Has Ducati’s Success Flat-Lined?

The saying goes that one time is a fluke, two times is a coincidence, but three times…three times is a trend. Looking at Ducati’s last three years of sales (2012-2014), which spans only a 2% margin of growth, by definition one has to conclude that the Italian company is experiencing sales stagnation. Granted each of the last three years have been record years for the Italian motorcycle company’s sales figures, but each year has been a nudging over the last. Is all of this a sign that Ducati has lost its magic, seemingly during the leadership transition from Gabriele del Torchio to Claudio Domenicali? Or is there growth to be had from the Italian brand, now that it is owned by Audi AG? We examine that thought in more detail, after the jump.

Analyzing the MotoGP Michelin Tire Test

The departure of Bridgestone and the arrival of Michelin as the official tire supplier to MotoGP is an extremely delicate operation, in terms of marketing, tire development, and motorcycle set up. This posed problems for the Michelin test, held on the fourth day of the Sepang MotoGP test. After the factory test riders had tried the Michelins at the first Sepang test, it was the turn of the MotoGP regulars. With major money on the line, the PR gag-order was enforced rigidly, and observed religiously. No official times were released, nor made unofficially available by the teams. A range of times have seeped out from journalists present, but given that only a few laps were timed by a few people out of practice with using a stopwatch, those times can be taken as guidelines only.

Colin Edwards Part of MotoAmerica’s TV Team

MotoAmerica has announced its lineup of TV announcers for the series’ telecast on CBS Sports Network, and the trio is a mix of familiar faces. Motorcycle racing veteran Jonanthan Green will be calling the races from the booth (many World Superbike fans will recognize his voice), and the man helping Green analyze the race should sound familiar as well, as it will be MotoGP star and two-time WSBK Champion Colin Edwards. While the boys are in the booth, Crisy Lee will continue her role as pit lane reporter, something she did with AMA Pro Road Racing under the DMG administration. While CBS may have to hold its hand over the censor button on Colin’s microphone, we think that fans will be pleased with the Texas Tornado’s addition, and the insight he will bring as a veteran racer.

Ride Review: 2015 Yamaha YZF-R1 & R1M

The original R1 design focus was primarily for the street, however that has all changed for 2015, with Yamaha’s Engineer’s instructed to design a bike mainly for the track.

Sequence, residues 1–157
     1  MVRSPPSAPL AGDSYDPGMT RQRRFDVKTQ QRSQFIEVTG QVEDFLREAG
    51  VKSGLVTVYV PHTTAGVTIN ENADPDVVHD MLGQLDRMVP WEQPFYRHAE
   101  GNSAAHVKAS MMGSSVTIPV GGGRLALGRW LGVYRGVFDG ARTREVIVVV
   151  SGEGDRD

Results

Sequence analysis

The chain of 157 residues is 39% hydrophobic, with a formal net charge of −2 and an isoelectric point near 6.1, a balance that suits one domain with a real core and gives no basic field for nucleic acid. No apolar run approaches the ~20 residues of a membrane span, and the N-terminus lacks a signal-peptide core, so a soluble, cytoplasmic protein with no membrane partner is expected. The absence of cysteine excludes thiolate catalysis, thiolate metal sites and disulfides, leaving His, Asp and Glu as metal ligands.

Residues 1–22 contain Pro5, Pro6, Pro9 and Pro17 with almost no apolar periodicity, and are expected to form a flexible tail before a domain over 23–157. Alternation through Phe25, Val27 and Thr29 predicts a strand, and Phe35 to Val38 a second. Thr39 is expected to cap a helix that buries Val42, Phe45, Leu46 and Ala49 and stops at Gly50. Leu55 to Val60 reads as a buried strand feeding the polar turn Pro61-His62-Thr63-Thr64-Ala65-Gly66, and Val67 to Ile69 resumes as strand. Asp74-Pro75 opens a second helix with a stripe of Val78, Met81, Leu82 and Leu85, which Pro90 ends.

Thus, the 4.5km Brabham circuit provided a world-class test track for the 100 journos who descended from all over the globe to experience the 2015 Yamaha YZF-R1 and R1M for the first time. The diverse range of 18 corners, including one of the fastest turns in Australia, approached at nearly 300kmh, was perfect to test all the attributes of a new motorcycle. Our test group had some quick guys including Josh Brookes, Steve Martin, and Cam Donald, so there was no hanging about.

2015 Suzuki GSX-R1000 ABS Comes to America for $14,399

A late announcement to the Suzuki motorcycle lineup, the 2015 Suzuki GSX-R1000 comes with the banner headline of adding anti-locking brake system (ABS) and a bold new “Suzuki Racing Blue” graphics package (BNG) to the venerable superbike. The added safety of ABS is at least a welcomed change to the now seven-year-old model version of the Suzuki GSX-R1000. Meanwhile, the graphics package is designed to make a link between the GSX-R1000 and Suzuki’s MotoGP race bike, the Suzuki GSX-RR — even though the street bike pre-dates its racing counterpart all the way back to when Suzuki was last entered in the premier class.

Would You Buy This $280,000 Motorcycle?

We have seen a lot of limited-run motorcycles here at Asphalt & Rubber — some have been intriguing, and some have been…well, not. With exclusivity of course comes a price tag of sizable proportions, but it is rare that we see a motorcycle break into six-figures, let alone pass the quarter-million dollar mark. But here we are with the Yacouba Feline. We have featured the work of Yacouba Galle before, as the French designer has done a bit of work in the industry, including a bolt-on design kit for the MV Agusta Brutale, which he calls the Bestiale (a name that might make Anglophones cringe a little). Unlike the Bestiale though, the Feline is a full-on motorcycle, not just a kit…and if you like what you see, it is going to cost you a mint.

XXX: The 2015 Yamaha YZF-R1 World Endurance Race Bike is Pure Sex…with a Headlight

The long-winded “Yamaha France GMT 94 Michelin Racing” team is ready for FIM Endurance World Championship action this year, especially with the all-new 2015 Yamaha YZF-R1 motorcycle. The new R1 offers state-of-the-art electronics, as well as near-200hp from its crossplane four-cylinder engine, and the French team is looking to capitalize on those improvements in the EWC for 2015. Yamaha France took the 2014 title in a convincing fashion, so it will be interesting to see what riders David Checa, Kenny Foray, and Mathieu Gines can accomplish with their new toy. We’ve got a bevy of high-resolution photos for you, after the jump.

Not-A-Review: 2015 MV Agusta Motorcycles

As promised, here is the second part of our trip down to Fontana, California to meet with MV Agusta USA, go over the company’s new business plan for not only America, but also worldwide, and to ride the current crop of their 2015 machinery. I should preface right out of the gate that this is not a review in regards as to what you’ve come to expect from Asphalt & Rubber. I am not-so-cleverly calling this a “not-a-review” assessment of MV Agusta’s 2015 models. I say this because we had a very limited amount of time on each bike, as there was roughly 10 machines to divide our attention amongst. Think of this article as not far from someone test riding a bunch of motorcycles at a dealership, with similar duration and limits put in place…except that this someone rides motorcycles for a living.

Analyzing The Ducati Desmosedici GP15